India: Cleaning up the Ganga with private sector support

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Fisherwoman in the Ganaga River. Photo: Raju Ghosh-National Mission for Clean Ganga Fisherwoman in the Ganaga River. Photo: Raju Ghosh-National Mission for Clean Ganga.

The Ganga river is much more than a moving body of water—the 2,500-kilometer river has been an important part of India’s history and identity for thousands of years. It is sacred in the Hindu tradition. Every year, millions of pilgrims bathe in the river to purify themselves. It is also important economically. It accounts for a quarter of India’s fresh water and supports livelihoods in agriculture, fisheries, transportation, tourism, and manufacturing. Over 400 million people—more than a third of the country’s population—live in the river’s basin.

But it is also heavily polluted. Sewage and industrial waste—often dumped in the river untreated—contaminated water used by millions for drinking and bathing. In an assessment carried out by the Central Pollution Control Board, more than half of the wastewater treatment plants in the basin were either not complying the discharge norms, or not working at all. In some areas, cholera has posed a serious health threat to local populations. 

Consequently, cleaning up the Ganga through water treatment facilities, inter alia, has been a top priority for government. About 12 years ago, the World Bank provided a $1 billion loan to clean up the Ganga in northern India. At the time, the government was not keen on private sector solutions, and progress was limited. Later, in 2015, the government launched the Clean Ganga program, and requested support from the World Bank Group to address the pollution problem with private sector involvement.

This was the largest river cleanup program in Indian history. It included several components, including cleaning up polluted areas and setting up a series of waste water treatment plants—both newly constructed and refurbished ones.  However, the government had concerns about whether these renewed investments could achieve the desired outcome. The concern was valid, as billions of dollars had been invested since 1970s towards the same goal, but without significant results.

These issues were addressed by experts across the World Bank Group, particularly IFC’s Transaction Advisory and the World Bank’s Water and Urban Development Global Practices. The World Bank Group team developed a PPP under a “hybrid annuity” model to build and operate sewage treatment infrastructure. Under this model, the government would pay 40 percent of project costs to private developers on completion of construction (in part through World Bank loans). The remaining costs would be paid in annuities over a 15-year period to private operators, together with operation and maintenance costs. Payments would be linked to performance of the treatment plants. This arrangement provided positive incentives for both government and private operators in the success of the project and ensured sustainable performance of the plants for at least 15 years. This was a paradigm shift in the sector—from a construction-oriented approach to an outcome-based one.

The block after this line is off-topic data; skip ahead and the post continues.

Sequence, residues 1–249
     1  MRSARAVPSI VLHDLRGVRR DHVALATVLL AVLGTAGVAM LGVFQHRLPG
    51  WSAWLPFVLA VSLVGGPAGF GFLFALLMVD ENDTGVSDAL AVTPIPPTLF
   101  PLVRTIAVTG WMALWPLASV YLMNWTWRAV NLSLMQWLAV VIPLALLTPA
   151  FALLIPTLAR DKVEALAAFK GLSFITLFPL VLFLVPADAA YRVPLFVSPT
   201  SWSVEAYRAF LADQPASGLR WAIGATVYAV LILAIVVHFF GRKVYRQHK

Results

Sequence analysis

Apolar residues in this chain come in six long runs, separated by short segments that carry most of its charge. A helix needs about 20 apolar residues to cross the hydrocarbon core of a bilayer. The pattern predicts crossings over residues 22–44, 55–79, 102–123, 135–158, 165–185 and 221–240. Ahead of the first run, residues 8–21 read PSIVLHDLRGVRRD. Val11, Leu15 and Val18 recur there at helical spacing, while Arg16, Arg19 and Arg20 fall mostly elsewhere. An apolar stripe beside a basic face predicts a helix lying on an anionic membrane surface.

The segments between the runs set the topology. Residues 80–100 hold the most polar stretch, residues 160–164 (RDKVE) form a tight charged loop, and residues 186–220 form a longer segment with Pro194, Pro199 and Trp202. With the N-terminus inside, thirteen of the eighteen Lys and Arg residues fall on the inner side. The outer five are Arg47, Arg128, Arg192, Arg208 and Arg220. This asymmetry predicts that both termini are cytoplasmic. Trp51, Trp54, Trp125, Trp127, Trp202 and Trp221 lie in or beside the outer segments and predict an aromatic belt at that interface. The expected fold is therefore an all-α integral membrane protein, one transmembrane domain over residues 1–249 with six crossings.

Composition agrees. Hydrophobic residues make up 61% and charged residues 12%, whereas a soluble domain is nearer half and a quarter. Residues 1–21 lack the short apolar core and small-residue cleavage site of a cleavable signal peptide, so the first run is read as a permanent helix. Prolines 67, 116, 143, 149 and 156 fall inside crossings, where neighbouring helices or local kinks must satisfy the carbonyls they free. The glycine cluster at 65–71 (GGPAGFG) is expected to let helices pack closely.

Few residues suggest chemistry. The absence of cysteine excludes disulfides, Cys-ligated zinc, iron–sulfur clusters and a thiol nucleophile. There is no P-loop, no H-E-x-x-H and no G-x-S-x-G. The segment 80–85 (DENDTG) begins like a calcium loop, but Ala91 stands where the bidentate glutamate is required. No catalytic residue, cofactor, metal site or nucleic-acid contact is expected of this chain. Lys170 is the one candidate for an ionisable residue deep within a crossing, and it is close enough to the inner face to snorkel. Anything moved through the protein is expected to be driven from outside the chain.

But there was another problem—the private sector was not enthusiastic. The government’s idea was to offer 15-year build-operate-transfer (BOT) contracts, where payments would be made by municipalities. This was too risky for potential private sector operators. The government understood that any kind of public-private partnership (PPP) would have to be carefully structured to attract private sector financing and expertise.

IFC served as PPP transaction advisor in the states of Uttar Pradesh and Uttarakhand. It helped structure an innovative offtake for treated wastewater from a new sewage treatment plant in Mathura, a city in Uttar Pradesh, where the Indian Oil Corporation will use treated wastewater to cool its refinery, which will save 20 million liters of fresh water every day. It also structured PPPs in Varanasi (also in Uttar Pradesh) and Haridwar (Uttarakhand), providing technical, legal, and analytical support. Protecting the environment was a core element to the project. Operators would be allowed to generate revenue in innovative, environmentally-friendly ways, such as selling treated wastewater or generating power through biogas. Most importantly, the government of India agreed to undertake all payment responsibilities under the contract, addressing a key bankability issue. 

This time, private sector interest was strong, which demonstrated the strength of this new approach. For example, the Haridwar project attracted six bids; Varanasi attracted eight. These included both Indian and international firms. Typically, the government attracts two or three bids at the most for waste water treatment projects. 

The key to cleaning up the Ganga lies in scaling-up the model. Besides the core benefit—providing cleaner water for millions of people living in the Ganga river basin—the pilot is opening new markets for private investment and improving the environment.  This first-of-its-kind approach is also being applied in 27 other Indian cities along the Ganga, attracting almost $500 million in private investment for construction of new plants or rehabilitation of existing ones. 

These PPPs are expected to have a huge impact on the Ganga and the livelihoods it supports—not to mention the overall health of the people living in the river basin area. But importantly, India now has a scalable model—the hybrid annuity approach—for attracting the private sector in wastewater treatment projects.

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Neeraj Gupta

Principal Investment Officer, IFC

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